Cup-Marked Stone: OS Grid Reference – NN 65022 38285
Also Known as:
Take the A827 road that runs alongside Loch Tay between Killin and Kenmore, and about 6 miles from Killin watch out for the signposts for The Big Shed. Stop and walk NW up the track across the road from there, up toward Ben Lawers. Several hundred yards up, past the sheep-fold on the left-side of the track, a line of ruinous walling runs straight over the grasslands. Walk along here until it meets with the next walling that runs uphill. Look down into where the wall has collapsed. It’s under your nose!
Archaeology & History
This is a fascinating and pretty impressive example of a simple cup-marked stone. It’s the design that does it I suppose – similar in some ways to the well-known Idol Stone carving on my old playground of Ilkley Moor (that’s what this one reminded me of when I first clapped eyes on it)—but much better!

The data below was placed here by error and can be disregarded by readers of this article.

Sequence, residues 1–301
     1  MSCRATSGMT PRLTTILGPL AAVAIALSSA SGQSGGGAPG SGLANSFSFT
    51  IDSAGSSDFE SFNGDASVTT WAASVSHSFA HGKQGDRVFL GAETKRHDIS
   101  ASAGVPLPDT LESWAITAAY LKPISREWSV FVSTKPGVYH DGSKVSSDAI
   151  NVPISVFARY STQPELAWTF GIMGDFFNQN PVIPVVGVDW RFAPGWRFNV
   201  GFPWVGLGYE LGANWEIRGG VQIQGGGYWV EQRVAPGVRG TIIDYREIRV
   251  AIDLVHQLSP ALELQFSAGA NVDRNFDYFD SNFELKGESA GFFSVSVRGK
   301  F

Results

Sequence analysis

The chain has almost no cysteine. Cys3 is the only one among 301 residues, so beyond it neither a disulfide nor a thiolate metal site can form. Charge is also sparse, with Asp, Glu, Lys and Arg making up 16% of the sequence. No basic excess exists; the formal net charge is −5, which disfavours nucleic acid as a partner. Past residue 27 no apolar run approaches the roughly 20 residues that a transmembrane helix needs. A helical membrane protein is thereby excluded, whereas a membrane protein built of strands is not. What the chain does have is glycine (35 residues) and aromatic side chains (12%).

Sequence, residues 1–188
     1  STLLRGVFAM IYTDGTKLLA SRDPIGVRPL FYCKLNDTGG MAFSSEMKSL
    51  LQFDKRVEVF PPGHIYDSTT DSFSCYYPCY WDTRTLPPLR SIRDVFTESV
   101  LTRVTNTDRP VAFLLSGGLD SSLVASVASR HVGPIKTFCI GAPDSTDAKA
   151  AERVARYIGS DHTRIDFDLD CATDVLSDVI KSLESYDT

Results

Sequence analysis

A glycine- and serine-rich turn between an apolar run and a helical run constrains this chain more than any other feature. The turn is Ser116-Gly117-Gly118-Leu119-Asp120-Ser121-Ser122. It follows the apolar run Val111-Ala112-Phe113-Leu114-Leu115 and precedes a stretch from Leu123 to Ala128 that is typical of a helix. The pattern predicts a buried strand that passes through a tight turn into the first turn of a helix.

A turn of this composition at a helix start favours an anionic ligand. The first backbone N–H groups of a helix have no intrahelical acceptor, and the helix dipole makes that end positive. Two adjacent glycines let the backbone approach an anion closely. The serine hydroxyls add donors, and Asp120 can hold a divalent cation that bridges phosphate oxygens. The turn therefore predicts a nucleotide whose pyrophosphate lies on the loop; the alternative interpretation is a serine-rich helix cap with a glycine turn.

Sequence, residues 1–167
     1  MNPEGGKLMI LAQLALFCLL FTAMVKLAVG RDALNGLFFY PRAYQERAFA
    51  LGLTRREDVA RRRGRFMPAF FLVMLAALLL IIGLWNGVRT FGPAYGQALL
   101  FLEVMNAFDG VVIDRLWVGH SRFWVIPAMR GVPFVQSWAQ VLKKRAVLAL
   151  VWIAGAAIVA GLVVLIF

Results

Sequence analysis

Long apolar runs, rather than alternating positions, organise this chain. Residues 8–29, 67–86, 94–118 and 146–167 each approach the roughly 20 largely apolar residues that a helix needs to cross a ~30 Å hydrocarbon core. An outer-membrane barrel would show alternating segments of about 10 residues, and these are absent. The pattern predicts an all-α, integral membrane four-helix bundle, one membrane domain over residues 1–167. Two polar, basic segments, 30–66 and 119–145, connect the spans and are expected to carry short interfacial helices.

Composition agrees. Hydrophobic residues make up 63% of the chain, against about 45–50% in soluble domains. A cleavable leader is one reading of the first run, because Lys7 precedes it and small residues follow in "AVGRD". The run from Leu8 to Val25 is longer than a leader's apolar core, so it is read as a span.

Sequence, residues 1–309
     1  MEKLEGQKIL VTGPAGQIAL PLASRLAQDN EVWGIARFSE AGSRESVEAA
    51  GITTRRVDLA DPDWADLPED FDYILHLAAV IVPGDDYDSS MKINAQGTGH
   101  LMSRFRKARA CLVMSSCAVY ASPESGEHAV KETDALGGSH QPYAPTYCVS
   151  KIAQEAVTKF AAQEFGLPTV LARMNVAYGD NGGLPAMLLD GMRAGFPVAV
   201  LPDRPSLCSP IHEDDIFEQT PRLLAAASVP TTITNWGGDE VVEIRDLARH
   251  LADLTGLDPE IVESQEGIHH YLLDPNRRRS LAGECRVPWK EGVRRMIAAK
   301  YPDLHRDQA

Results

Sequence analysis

Its similarity lies in the series of parallel rows of cup-marks running very close together along the line of the low-lying rock, found at the base of some ancient walling that runs up the mountain for several hundred yards. Not only that, but the line of walling itself also has a parallel line of walling running adjacent for the same distance up the mountainside — more than half-a-mile from start to finish. This “parallel” feature of walling and cup-markings is a curious coincidence, perhaps. But certainly the linearity of the cup-marks was itself a very deliberate feature by the person who carved it, representing something ‘structural’, in whatever mythic form that may have been!
Of the rows of cups constituting this petroglyph, four of them run completely from one side of the stone to the other, rough north to south; with four other shorter rows running only halfway across the rock surface. Altogether there are perhaps seventy cups etched onto the rock. No rings or semi-circles of any form were visible in our visit here—although the skies were grey and overcast, making any decent visual analysis more difficult.
A damn good carving and well worth checking out by anyone into prehistoric rock art!
© Paul Bennett, The Northern Antiquarian